Wednesday, April 5, 2017

Tomášek Václav Jan. (1774-1850) Piano Concertos No. 1 & 2. Complete. World premiere recordings.

From my collection.
Bought in 2011.
First listen: 31-1-2011.
Second listen: 22-2-2011.
Third listen: 5-4-2017.
Label: Supraphon.
Recording dates: March 2005 & March/April 2006.
Recording venue: Czech Radio Studio No. 1, Prague.
Recording engineer: Jaroslav Vašíček.
Running time: 53:33.
Classical relevance to me: Essential.

Works performed:
Piano concerto No. 1 in C major, opus 18.
Dedicated to: The Duchess of Brechanville, née Countess Desfours.
(She was one of Tomašek's pupils)
Piano concerto No. 2 in E flat major, opus 20.

Performed by:
Jan Simon, Piano.
Prague Radio SO, Vladimir Válek.

A composer that is not often recorded, to begin with, that is a fact. A fact is also that he was self taught and never had any formal professional musical education. Another fact is also that he produced quite a lot of music still awaiting their rediscovery and subsequently recordings. He is largely forgotten. Fact also.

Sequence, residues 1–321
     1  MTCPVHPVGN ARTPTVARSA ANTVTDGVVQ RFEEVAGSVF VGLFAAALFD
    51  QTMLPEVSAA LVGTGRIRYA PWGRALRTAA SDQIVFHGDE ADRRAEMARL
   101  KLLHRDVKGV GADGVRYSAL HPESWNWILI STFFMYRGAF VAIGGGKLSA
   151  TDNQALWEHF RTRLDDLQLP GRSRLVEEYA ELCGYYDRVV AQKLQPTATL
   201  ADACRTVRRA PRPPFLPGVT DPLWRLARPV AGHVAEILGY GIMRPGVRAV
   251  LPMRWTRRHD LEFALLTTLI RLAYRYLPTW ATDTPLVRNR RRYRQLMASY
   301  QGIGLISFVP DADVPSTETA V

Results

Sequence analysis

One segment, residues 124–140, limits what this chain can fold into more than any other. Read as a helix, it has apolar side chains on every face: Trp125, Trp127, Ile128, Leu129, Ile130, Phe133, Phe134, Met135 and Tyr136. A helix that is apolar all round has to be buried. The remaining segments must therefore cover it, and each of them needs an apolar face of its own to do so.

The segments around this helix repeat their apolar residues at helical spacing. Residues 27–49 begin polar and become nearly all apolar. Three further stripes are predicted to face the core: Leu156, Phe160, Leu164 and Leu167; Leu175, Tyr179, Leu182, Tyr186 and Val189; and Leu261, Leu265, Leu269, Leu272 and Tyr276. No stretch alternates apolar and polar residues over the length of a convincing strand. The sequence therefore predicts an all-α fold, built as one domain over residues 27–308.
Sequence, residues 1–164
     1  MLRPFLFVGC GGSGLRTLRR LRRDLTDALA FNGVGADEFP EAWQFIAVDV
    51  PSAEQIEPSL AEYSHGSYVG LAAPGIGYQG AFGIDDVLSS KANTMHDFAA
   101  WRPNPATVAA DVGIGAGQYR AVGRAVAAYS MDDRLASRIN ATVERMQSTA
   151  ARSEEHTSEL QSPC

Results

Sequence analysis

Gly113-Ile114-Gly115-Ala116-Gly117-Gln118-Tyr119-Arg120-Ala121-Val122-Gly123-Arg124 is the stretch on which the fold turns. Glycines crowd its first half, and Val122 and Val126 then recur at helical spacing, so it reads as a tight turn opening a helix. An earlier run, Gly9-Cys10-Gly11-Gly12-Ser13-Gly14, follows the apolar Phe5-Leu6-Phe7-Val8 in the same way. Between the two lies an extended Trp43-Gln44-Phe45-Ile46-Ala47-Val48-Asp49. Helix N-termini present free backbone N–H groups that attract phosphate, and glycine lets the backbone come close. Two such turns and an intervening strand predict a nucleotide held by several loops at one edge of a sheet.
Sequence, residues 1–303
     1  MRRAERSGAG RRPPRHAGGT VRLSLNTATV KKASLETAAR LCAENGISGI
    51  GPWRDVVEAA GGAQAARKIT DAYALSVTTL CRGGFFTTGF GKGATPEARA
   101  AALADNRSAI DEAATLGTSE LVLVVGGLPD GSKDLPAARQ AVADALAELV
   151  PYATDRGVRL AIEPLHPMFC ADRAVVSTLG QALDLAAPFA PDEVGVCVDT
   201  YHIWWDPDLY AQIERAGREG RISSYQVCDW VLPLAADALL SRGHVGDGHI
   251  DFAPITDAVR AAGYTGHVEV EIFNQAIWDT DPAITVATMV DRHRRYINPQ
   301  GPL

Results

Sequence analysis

His music sits really comfortably between the best concertos Mozart produced, and leans with justification against the first two piano concertos by Beethoven. I mean the C major, opus 15 and B flat major, opus 19. What I want to say is, they are of the same high quality!
The opus 18 was written around the years 1803-1805. It was performed at a home concert at the Buquoy Palace in the lesser Quarter in the 1806-07 winter season. And that was the first and last performance in his lifetime.  The second concerto was probably conceived at the same time, but it was never published let alone given a public performance. Now both concertos stays well within the commonly accepted boundaries of classical style around 1800 in their formal structure, technical demands and conception of the solo and orchestra parts. It is in this that they resemble the piano concertos of both Mozart and Beethoven.  They are extremely well written, melodious with quite a lot of energy, and a lot of promise in the melodies, and structural harmonies. They are refined and highly musical, and absolutely spirited in a positive sense.
The performance is quite good, as is the recording, and thus are highly recommendable. Since there are almost no recordings of this composer I urge you to try them. They may come as a nice surprise.




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